Since I'm never very articulate about my own reasons for making these choices, I was pleased to read one of my favorite authors, Michelle Richmond's blog post today, which so articulately and clearly sums up my feelings almost exactly (and will tell you who I favor). I recommend you read it.

Michelle's post begins like this:
In October of 2002, Hillary Clinton voted for the resolution authorizing George W. Bush to take military action in Iraq. I want to get past it, but I can’t. And this is one huge reason that I feel myself feeling passionately about Barack Obama, who showed courage that few others did by opposing the war from the beginning. I have no doubt that Clinton would be an able president. I believe she genuinely cares about issues that I care about personally–health care and education. Her insider knowledge of how Washington works and her political savvy might give her a real advantage in terms of getting things done.

But I worry that the same political savvy that might make Hillary Clinton a force to contend with in the White House is what caused her to vote for going to war with Iraq in the first place. It was a short-sighted vote, one which calls into question the strength of her convictions. Maybe she thought it was necessary, in the aftermath of 9/11, with the presidential campaign looming in her future, to take a “tough stand” against terrorism.

Read the rest of Michelle's post HERE:

Tuesday, January 08, 2008


I've talked to my mom twice this week and learned about two deaths and the decline of a third old family friend. Today she called to tell me about the wake for James--husband of Bonnie, father to Sarah and Simone (my childhood playmates). From date of diagnosis to death was about four months. A week or so before that she told me that Ray Jacobsen, a well known Sonoma artist and familiar face from my youngest years, had died.

These people are old, old family friends--the kind that I saw a lot when I was a child but not so much as an adult. In all the old hippie photos of my parents--these are among those featured. The gangly men in worn out jeans and turtlenecks, hair to their shoulders, mustaches wide and brimming with health. The women svelte and high-cheeked, vamping in halter dresses and platform sandals.

Today she also told me she'd spoken to my "godmother"--one of my mom's oldest friends with whom I also used to be incredibly close for most of my life. "G" had childhood cancer that required radiation treatment. They warned her even then that due to the radiation to cure that cancer, she could expect to face cancer again as an adult. Decades later it turned up in one breast and nodes, which she had removed, and some parts of her colon. Over the years, due to a complex network of issues that I just don't feel like going into here today, our relationship became strained and eventually I stopped being in touch with her and her husband because it was too hard to skirt what was unresolved. I'm not good at sitting with proverbial elephants in the living room. But today my mom tells me she's now bedridden, and has lost weight, which is impossible to imagine as she was very thin before. She said, "I didn't even recognize her voice." And though she is still at home for now, the outlook isn't good.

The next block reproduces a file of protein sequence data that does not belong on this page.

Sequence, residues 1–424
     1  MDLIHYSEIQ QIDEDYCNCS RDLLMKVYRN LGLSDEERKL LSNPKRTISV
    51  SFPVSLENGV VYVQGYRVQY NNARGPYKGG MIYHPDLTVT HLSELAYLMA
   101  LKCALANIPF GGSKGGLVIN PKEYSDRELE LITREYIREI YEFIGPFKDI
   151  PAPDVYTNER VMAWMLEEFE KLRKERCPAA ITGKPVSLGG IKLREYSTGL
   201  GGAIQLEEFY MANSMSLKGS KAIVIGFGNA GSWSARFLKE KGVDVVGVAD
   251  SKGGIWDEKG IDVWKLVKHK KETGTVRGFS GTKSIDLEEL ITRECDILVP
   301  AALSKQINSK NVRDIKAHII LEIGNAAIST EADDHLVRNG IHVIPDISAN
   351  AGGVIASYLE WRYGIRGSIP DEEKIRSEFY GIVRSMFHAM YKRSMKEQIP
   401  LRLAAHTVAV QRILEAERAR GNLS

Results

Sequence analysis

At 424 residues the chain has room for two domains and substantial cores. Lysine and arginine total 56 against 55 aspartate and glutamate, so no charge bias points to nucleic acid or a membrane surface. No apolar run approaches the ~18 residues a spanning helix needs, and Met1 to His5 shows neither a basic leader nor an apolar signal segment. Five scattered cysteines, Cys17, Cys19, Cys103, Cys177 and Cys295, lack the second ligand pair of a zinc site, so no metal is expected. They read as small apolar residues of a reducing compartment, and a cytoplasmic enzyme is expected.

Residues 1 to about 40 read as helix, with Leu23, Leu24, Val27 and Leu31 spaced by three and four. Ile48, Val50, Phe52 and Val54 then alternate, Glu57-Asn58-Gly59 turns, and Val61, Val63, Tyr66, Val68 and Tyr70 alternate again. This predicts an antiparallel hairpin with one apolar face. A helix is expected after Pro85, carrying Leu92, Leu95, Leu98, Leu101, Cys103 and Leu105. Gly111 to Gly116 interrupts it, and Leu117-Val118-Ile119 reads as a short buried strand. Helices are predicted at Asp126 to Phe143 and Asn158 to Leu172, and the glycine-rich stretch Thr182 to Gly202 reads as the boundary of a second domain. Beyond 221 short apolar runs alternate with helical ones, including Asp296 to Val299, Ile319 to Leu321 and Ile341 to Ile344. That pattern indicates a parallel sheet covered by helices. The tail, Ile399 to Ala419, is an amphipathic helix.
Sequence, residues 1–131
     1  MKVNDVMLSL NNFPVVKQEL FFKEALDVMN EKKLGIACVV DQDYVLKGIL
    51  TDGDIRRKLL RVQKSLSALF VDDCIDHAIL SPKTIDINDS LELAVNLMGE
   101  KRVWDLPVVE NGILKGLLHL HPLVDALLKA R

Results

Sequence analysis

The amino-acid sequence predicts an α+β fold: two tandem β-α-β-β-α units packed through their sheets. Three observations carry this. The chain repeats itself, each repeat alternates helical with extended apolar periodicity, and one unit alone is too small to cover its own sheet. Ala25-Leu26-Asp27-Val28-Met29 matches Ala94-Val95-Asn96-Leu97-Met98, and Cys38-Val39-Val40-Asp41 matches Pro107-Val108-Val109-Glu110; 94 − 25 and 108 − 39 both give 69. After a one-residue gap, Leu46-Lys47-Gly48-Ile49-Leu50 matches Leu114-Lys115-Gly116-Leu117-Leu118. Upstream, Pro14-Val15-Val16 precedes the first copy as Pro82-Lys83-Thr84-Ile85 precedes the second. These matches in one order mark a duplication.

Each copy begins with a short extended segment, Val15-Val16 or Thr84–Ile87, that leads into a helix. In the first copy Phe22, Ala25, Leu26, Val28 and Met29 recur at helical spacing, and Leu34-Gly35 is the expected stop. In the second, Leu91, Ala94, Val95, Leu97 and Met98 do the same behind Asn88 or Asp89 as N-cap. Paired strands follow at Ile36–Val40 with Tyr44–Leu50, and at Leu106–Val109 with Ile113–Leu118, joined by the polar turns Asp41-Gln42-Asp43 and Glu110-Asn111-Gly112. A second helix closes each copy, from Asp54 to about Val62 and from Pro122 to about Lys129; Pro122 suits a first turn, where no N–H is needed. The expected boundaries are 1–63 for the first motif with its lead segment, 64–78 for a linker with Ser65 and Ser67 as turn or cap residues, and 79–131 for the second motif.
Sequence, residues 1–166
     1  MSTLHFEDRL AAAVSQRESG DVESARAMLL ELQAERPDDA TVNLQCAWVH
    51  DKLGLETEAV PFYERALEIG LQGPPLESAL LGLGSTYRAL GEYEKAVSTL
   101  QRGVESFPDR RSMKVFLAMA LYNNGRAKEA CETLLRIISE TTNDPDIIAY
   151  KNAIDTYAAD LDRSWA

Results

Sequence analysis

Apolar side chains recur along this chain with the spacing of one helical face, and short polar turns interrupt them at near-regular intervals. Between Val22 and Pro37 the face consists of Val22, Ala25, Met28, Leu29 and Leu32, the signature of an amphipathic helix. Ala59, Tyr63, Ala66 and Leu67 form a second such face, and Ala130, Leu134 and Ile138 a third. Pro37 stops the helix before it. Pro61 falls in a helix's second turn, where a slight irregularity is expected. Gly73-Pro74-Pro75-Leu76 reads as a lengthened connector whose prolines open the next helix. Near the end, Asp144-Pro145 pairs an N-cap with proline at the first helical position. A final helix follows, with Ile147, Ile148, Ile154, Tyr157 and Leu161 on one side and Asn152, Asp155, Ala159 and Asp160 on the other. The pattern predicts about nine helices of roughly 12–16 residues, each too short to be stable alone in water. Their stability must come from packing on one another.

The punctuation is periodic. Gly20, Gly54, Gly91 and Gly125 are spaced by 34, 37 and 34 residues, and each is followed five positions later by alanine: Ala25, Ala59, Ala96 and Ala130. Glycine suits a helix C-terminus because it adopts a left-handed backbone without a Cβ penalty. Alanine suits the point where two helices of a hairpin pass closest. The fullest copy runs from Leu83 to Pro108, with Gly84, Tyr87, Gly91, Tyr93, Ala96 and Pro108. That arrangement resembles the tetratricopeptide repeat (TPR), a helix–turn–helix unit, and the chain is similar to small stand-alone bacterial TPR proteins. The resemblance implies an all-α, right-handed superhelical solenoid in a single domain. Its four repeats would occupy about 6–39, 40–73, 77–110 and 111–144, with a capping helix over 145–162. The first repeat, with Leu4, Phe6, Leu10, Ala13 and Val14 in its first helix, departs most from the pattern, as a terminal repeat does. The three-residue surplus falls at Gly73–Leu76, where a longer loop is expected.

So what do I feel? What am I even trying to get at in this post? When someone approaches death and you have complex feelings for them, how do you handle this? My intuition is to say something, to refer back to the years when I was close with them, when I did love and feel loved by them, and tell her that those years were important to me. I even, I admit, feel like visiting them, though I fear it will be awkward and uncomfortable. I guess what I'm feeling is an overwhelming urge to forgive, whether or not that was earned.

As I muse on loss, then, it was well timed to discover this Question of the Week over at LitPark, combined with an unusal contest on loss. I invite you all to investigate both Sue's great site, and this unusal opportunity.

Also, while you're at it, scroll down to read about Patry Francis (or just visit her breathtaking blog). She too is tackling illness (with grace and energy) and as a result, the blogosphere is coming together to help promote the paperback release of her fabulous novel The Liar's Diary--including Jordan's Muse--on January 29th.


Monday, January 07, 2008

Autonomy vs. Inefficiency, OR
Life of the self-employed

Since January 1st, which marks my third complete year of working full-time for myself as a freelance writer and editor, I've been looking at both the pros and cons of the gig. The pros are obvious: working in your pajamas; a ten-step commute; no irritating co-workers and a genuinely good feeling that comes from creating and fulfilling your own work demands. For me personally I add: the fact that other than very part time work such as I do for BookSmart, the indie book store, I cannot sustain the energy it takes to work on someone else's agenda for very long. I'm a hard worker when I'm motivated, and an utter slacker when not. The beauty is that working on articles and clients' manuscripts feels aligned with my own work, and therefore it rarely feels like "other people's" work. The hard part of it is realizing that in the end, you're still stuck with yourself. And without those irritating, but sometimes nice co-workers, the commute time, and other people's agendas, you also have way too much time to spend with your own thoughts. To fret and worry and get overwhelmed and be bogged down by meaningless anxieties. And maybe sometimes this is not such a good thing.